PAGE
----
Casual Dating vs. Relationships: This Is When It's Time to Make It Official
As if finding love through the myriad of dating apps wasn't mystifying enough, determining when it's time for you and your S.O. to update your statuses to "In a Relationship" is a completely different conundrum. Even if sparks are flying on every date, it isn't necessarily a guarantee that you're headed past the "just seeing each other" stage, nor is the fact that you two have incredible chemistry between the sheets. If you've had your share of explaining your relationship as "it's complicated," then you've likely asked yourself the burning question, is it time to weigh casual dating versus relationships?
To help answer this perplexing query, we turned to the brutal honesty of the internet and the experts. Whether you're looking to play the field or you're ready to get serious about finding "the one," it helps to have a handy guide that spells out the signs of casual and exclusive dating. As with any type of relationship—romantic or otherwise—keep in mind that it's always important to communicate your expectations and needs to avoid being blindsided. For instance, is "seeing" and "dating" someone one in the same or are they two completely different statuses? And how comfortable are you with setting loose or firm boundaries when it comes to sex, either with one another or other people?
Finally overwhelmed by complications? Keep reading to find out how to tell if you're heading toward serious relationship territory or if you might be lingering in the "keep it casual" phase for a while.
Reddit users who weighed in on the topic were eager to explain the difference between casual dating versus relationships based on their own experiences. User gravityfall says that casual dating is "focused on the 'here and now.' You're learning about the other person's personality, whether you are having fun, what you are doing together, and whether you want to see this person again" in the future.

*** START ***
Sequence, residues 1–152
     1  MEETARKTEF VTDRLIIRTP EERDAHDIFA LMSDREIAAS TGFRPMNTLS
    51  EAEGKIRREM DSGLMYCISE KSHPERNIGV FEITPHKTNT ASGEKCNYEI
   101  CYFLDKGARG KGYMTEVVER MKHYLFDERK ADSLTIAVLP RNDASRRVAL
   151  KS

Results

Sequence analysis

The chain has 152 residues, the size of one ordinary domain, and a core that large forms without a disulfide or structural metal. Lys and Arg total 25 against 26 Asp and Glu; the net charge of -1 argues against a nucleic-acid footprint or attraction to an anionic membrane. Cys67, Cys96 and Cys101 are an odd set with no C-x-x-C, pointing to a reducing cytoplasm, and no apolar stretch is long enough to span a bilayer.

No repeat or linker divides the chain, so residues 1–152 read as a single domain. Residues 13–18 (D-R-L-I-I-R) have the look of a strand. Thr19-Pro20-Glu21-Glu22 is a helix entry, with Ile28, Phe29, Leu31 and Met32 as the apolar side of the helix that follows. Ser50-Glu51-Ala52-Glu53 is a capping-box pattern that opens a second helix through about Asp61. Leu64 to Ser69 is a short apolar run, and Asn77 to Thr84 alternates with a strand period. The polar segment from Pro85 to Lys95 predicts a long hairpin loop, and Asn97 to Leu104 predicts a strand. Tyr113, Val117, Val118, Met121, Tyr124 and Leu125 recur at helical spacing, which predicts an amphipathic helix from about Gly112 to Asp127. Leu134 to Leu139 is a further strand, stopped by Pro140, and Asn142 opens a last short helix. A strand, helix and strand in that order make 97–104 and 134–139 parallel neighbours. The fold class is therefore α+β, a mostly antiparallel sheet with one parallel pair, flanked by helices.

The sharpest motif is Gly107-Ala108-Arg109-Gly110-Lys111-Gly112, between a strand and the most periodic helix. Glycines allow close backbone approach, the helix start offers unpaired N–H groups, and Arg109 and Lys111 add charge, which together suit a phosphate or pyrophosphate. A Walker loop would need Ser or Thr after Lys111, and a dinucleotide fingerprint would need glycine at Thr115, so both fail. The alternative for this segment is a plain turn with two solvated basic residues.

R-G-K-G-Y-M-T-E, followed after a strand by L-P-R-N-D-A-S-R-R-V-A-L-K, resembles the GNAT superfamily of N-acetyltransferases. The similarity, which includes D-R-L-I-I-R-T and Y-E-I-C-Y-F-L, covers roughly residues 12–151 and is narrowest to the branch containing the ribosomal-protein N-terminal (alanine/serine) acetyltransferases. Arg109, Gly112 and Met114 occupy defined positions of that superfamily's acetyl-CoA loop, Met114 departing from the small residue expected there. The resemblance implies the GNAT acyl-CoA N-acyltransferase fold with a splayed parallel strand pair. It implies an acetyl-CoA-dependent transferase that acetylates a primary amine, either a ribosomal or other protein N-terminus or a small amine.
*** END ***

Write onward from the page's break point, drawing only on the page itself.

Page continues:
If you're not committed to investing time and energy with someone (yet), are still hooking up with other people, aren't ready to have the conversation to remain exclusive to one another, and prefer to have a "no strings attached" approach, then consider those among the criteria for casual dating. Gravityfall continues, "two people causally dating are most likely not ready to handle problems and arguments in a way that can strengthen their bond, although if they can, it may help them realize how strong they are together."
If you've taken the time to sit down and have the conversation about whether to assume the title of girlfriend or boyfriend, then consider yourself in the "dating exclusively" phase. You're now officially a couple, though it doesn't necessarily mean you're committing to saying "I do"—however, you may be open to the idea. Houston-based dating expert and matchmaker Sarah Patt explains that "talking about things you should do together as a couple in the future is a sign you want [them] in your future … Anything from something as simple as restaurant openings, concerts, or events to something as big as a vacation or getting a dog together are good indicators.”